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Microsoft founder Bill Gates  (Photo: Bloomberg)
Microsoft founder Bill Gates (Photo: Bloomberg)

COVID-19 vaccine: Bill Gates thinks this coronavirus vaccine may be ready by year-end

  • Microsoft founder Bill Gates said a vaccine may come by the the end of this year
  • The Bill & Melinda Gates Foundation, Bill Gates' philanthropic venture has pledged more than $250 million toward COVID-19 research

When the whole world is eagerly waiting for a vaccine to protect against deadly novel coronavirus, Microsoft founder Bill Gates said a vaccine in the United States may come by the the end of this year. “None of the vaccines are likely to seek approval in the US before the end of October," the billionaire philanthropist told CNBC.

“I do think once you get into, say, December or January, the chances are that at least two or three will (seek approval) — if the effectiveness is there," the Microsoft co-founder said.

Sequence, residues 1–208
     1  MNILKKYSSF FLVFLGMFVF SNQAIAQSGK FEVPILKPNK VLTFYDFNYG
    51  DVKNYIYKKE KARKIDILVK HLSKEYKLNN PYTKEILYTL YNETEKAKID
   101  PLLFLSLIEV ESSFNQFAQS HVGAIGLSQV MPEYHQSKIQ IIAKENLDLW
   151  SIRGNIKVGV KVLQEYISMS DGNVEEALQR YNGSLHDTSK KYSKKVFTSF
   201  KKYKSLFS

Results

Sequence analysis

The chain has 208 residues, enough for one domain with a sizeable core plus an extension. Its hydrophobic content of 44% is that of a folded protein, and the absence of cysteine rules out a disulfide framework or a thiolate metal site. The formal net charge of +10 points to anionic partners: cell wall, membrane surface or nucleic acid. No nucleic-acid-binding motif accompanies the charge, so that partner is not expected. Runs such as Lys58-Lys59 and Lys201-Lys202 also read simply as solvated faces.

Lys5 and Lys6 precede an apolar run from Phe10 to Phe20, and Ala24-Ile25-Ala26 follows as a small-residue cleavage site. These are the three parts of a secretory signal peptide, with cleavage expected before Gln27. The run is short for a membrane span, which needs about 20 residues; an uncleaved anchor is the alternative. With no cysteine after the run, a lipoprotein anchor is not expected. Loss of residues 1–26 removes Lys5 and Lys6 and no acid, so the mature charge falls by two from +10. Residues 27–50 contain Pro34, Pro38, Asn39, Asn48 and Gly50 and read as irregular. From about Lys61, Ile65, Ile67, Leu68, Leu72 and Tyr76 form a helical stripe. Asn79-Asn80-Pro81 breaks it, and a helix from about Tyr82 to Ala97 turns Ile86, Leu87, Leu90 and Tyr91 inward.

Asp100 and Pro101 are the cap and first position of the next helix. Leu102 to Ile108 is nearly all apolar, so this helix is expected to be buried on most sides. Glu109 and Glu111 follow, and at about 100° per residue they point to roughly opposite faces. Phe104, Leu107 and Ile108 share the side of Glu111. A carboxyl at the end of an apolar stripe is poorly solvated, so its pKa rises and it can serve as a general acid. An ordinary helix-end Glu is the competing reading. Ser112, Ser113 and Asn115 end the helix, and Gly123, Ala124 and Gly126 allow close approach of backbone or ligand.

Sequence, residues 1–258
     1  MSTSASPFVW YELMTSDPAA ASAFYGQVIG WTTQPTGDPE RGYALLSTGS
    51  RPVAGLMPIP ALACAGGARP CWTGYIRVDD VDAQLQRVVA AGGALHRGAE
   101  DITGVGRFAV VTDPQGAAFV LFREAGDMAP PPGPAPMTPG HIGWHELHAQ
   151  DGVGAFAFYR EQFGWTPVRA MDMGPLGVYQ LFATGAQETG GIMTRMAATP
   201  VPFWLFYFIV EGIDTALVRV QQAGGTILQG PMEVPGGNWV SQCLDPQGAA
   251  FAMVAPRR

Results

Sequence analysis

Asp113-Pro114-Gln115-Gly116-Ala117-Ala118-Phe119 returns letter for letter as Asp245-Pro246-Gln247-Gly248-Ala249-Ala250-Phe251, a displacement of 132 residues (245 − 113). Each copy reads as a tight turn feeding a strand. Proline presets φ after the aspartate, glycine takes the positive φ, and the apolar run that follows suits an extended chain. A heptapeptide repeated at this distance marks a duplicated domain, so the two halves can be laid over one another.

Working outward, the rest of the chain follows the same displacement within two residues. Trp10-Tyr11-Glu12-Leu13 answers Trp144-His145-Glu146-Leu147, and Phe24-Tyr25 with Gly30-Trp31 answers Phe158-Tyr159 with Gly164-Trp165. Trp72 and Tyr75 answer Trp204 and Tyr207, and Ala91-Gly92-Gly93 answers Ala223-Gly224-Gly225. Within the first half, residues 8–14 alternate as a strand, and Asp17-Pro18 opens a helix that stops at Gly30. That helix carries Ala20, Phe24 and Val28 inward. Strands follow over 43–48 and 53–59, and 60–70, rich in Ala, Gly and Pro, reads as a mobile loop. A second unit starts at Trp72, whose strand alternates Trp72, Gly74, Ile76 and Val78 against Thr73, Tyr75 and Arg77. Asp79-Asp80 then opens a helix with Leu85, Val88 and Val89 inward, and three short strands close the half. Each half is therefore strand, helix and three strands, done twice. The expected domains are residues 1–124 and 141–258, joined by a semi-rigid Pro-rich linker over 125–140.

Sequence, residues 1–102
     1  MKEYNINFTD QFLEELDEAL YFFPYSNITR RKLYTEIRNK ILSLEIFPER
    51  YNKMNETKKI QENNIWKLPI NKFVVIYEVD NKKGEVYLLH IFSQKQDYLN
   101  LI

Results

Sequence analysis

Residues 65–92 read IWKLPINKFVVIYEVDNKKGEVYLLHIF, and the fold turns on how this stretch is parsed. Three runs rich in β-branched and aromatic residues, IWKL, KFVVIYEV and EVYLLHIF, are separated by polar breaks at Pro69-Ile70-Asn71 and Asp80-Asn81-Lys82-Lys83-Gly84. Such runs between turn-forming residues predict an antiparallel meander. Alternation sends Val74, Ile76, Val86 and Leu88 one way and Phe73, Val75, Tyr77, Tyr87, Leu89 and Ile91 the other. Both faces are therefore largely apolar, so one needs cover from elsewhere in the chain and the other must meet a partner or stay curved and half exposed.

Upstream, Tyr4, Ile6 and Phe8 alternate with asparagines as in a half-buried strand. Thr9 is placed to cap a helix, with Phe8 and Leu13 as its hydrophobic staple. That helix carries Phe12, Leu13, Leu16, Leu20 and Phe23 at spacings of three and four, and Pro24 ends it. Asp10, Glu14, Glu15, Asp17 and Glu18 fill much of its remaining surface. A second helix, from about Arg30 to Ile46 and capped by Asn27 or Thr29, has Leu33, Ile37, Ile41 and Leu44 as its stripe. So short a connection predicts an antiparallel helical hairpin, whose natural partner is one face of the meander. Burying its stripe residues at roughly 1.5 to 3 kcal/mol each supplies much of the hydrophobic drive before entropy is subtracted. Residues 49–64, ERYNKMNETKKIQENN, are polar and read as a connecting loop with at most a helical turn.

“And so we have these phase three trials that are going on. The only vaccine that if everything went perfectly, might seek the emergency use license by the end of October, would be Pfizer." according to CNBC.

Joining the debate over "vaccine nationalism", Gates urged the United States to take more global approach in dealing with coronavirus pandemic. “We’re trying to make sure we can end it not just in the rich countries," Gates earlier said in an interview with Bloomberg.

The Bill & Melinda Gates Foundation, Bill Gates' philanthropic venture has pledged more than $250 million toward COVID-19 research. Gates has also funded COVID-19 vaccine candidates developed by AstraZeneca PLC, Johnson & Johnson and Novavax Inc and Pfizer. “Those are the ones most scalable and low-cost," Gates said. His foundation has invested in an entire portfolio of potential COVID-19 therapies and vaccines, including a vaccine being developed in South Korea.

By spending an additional $8 billion to $10 billion on global vaccinations, he said, the US would save “trillions" in lost economic output, not to mention lives and livelihoods.

“The inequity of this — whether it’s between citizens in the country, blue collar versus white collar, blacks experiencing a higher sickness rate than others -- poor countries can’t borrow money and spend money like the US and other rich countries have," Gates said.

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